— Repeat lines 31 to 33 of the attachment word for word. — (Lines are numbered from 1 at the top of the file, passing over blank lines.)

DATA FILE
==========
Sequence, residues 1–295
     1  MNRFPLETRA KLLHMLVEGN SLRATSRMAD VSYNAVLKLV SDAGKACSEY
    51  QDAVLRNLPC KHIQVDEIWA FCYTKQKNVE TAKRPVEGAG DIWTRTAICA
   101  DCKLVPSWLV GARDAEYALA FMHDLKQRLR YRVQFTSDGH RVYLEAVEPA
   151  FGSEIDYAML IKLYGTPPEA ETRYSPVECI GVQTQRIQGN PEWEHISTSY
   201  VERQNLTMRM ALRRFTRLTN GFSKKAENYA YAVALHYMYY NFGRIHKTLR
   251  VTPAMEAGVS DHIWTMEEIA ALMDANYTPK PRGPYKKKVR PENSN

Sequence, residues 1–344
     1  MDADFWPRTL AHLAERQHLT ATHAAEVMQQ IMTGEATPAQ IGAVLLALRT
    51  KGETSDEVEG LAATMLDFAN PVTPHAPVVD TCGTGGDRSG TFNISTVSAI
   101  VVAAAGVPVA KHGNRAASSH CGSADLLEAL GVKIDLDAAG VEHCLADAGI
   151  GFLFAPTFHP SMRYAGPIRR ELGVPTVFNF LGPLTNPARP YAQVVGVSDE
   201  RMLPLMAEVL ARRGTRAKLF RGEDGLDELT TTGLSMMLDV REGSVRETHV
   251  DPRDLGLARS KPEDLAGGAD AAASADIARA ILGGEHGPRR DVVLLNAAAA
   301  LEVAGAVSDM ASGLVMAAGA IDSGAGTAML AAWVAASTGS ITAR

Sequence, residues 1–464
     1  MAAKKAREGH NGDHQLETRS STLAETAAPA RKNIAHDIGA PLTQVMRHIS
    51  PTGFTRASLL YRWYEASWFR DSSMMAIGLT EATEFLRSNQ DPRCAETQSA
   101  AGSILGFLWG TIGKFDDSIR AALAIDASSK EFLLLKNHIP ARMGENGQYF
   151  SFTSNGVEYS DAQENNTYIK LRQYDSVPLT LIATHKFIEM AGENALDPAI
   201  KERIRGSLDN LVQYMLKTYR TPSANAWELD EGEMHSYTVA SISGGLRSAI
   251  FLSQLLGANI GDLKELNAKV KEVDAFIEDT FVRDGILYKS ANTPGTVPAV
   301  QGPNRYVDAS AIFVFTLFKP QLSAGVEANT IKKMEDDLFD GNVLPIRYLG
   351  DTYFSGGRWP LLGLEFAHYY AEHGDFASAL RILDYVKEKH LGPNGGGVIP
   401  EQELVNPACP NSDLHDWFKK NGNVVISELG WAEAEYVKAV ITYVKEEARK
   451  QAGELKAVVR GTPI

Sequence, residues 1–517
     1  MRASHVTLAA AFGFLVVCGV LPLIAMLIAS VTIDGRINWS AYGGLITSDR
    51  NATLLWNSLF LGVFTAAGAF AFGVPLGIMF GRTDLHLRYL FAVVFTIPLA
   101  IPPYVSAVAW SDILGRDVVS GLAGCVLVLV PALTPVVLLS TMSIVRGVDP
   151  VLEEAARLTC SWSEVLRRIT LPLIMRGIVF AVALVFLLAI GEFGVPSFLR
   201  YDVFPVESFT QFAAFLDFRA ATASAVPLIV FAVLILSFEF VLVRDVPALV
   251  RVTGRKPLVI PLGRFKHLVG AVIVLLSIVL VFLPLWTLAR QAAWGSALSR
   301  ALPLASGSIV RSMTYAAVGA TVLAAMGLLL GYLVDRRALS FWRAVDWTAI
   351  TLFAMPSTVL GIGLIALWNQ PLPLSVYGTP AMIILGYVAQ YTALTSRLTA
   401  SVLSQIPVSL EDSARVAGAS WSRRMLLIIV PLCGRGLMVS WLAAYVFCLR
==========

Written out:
   151  VLEEAARLTC SWSEVLRRIT LPLIMRGIVF AVALVFLLAI GEFGVPSFLR
   201  YDVFPVESFT QFAAFLDFRA ATASAVPLIV FAVLILSFEF VLVRDVPALV
   251  RVTGRKPLVI PLGRFKHLVG AVIVLLSIVL VFLPLWTLAR QAAWGSALSR